On to the Germans then, were Bundeskanzlerin Merkel laid out her vision in front of the Bundestag on Friday. Following Merkozy’s newly agreed upon decision to not lay pressure on the ECB anymore she also stresses the bank’s independence. What she stresses – little surprisingly – are automated actions against states in infraction of debt rules, these procedures should be controlled by the Commission or the ECJ. Merkel once again stresses that Eurobonds are not a viable solution right now (‘Euro-Bonds [können] jetzt nicht als Rettungsmaßnahme gegen die Krise eingesetzt werden’). She wants to empower the ECJ to allow it to take cases because of infractions against the debt rules. More generally she wants to create a -n ill-defined – Stability and Fiscal Union, including a strong ESM and reforms of labor laws in some member states. Does that mean her proposed treaty changes include labor and maybe social policy transfer to the European level, at least partly? She makes clear that the treaties need to be changed either within the EU 27 or within the Eurozone if not possible otherwise.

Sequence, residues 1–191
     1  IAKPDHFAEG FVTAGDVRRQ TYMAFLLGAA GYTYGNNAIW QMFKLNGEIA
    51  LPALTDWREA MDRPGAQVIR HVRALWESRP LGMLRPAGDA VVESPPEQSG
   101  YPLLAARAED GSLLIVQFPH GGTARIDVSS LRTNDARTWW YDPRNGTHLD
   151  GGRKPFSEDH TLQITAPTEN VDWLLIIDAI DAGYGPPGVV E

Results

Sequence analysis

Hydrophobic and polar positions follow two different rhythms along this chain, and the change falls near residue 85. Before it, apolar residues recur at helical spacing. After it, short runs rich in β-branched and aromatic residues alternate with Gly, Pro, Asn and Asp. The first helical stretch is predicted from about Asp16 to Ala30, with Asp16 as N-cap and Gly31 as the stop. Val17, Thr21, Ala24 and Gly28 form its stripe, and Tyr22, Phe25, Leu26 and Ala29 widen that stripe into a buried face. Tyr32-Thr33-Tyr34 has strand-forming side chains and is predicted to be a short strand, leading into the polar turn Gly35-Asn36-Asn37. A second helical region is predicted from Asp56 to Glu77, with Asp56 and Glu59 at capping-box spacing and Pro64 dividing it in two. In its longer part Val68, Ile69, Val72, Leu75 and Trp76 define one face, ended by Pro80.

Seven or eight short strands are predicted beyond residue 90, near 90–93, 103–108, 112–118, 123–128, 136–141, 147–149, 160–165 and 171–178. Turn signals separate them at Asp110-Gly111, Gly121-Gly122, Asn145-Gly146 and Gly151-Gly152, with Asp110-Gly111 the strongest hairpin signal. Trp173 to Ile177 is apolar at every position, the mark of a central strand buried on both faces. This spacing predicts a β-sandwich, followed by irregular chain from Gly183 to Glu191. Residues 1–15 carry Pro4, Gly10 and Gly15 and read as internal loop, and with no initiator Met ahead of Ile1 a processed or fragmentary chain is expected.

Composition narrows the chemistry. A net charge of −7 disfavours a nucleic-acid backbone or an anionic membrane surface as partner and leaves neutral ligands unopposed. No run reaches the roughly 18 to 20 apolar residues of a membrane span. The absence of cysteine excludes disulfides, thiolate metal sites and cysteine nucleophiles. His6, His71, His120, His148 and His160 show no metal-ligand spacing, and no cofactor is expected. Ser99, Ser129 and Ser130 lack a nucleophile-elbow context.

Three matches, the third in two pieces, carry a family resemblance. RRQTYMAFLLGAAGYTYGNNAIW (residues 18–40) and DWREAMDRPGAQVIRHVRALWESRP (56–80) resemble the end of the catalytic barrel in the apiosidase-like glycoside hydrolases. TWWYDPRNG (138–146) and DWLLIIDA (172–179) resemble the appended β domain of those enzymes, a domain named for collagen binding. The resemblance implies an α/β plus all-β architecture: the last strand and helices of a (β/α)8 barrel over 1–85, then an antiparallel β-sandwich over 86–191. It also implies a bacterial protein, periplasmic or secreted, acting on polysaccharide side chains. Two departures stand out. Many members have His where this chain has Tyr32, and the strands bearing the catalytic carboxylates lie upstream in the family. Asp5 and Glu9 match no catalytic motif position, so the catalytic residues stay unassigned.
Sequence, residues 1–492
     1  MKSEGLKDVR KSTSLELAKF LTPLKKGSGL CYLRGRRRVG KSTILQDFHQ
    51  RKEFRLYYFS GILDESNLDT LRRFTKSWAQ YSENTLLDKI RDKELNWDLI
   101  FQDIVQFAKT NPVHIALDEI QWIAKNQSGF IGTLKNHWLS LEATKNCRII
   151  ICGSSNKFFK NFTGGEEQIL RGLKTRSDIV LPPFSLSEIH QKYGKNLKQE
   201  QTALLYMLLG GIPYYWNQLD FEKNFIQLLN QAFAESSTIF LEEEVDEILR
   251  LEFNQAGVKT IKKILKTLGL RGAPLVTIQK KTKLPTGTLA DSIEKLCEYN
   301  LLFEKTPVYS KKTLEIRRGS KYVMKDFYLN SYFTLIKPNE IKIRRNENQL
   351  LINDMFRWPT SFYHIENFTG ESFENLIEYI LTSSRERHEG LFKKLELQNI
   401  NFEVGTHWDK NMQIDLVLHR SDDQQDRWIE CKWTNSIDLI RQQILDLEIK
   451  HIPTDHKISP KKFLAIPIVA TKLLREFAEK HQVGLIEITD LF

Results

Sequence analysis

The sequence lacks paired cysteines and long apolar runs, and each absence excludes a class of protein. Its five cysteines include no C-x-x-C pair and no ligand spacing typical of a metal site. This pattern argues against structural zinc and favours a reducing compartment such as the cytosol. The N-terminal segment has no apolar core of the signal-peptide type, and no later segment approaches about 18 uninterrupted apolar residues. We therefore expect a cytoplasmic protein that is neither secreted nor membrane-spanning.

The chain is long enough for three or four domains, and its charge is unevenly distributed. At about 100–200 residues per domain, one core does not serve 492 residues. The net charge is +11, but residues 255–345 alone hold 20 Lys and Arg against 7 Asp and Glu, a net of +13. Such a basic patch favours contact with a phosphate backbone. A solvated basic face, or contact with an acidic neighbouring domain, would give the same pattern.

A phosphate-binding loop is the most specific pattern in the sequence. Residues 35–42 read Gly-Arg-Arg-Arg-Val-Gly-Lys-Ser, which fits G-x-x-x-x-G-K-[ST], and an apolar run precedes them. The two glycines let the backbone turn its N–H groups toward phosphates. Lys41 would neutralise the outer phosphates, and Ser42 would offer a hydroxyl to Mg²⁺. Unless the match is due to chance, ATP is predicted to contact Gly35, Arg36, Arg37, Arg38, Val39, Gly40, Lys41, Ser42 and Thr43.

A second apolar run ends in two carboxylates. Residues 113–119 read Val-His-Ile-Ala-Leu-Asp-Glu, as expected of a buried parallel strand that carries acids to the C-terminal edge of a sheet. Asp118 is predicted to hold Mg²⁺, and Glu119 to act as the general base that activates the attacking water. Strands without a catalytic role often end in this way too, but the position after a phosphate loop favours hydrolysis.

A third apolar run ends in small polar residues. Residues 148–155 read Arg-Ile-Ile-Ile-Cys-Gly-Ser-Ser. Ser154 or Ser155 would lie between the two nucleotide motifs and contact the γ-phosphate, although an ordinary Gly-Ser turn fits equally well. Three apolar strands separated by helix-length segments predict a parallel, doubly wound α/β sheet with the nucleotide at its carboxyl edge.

Last but most definitely not least, here is arguably the most important speech of last week (at least in the short term). Mario Draghi’s, the President of the ECB, statement in front of an apparently almost empty European Parliament. Draghi interestingly enough stressed the ECB’s goal ‘of maintaining price stability […] in either direction‘ and as applied to ‘both the setting of official interest rates and the implementation of non-standard measures‘. Will the ECB increase its – non-sterilized – intervention then? Secondary Market Purchases (SMP) 3.0? Draghi also calls for ‘fiscal compact‘ as the ‘most important signal from euro area governments for embarking on a path of comprehensive deepening of economic integration.’ He then answers to critics wondering how such a ‘longer-term vision can be helpful in the short term‘ by telling them that ‘other elements might follow‘. Ever greater, monetary expansionary union?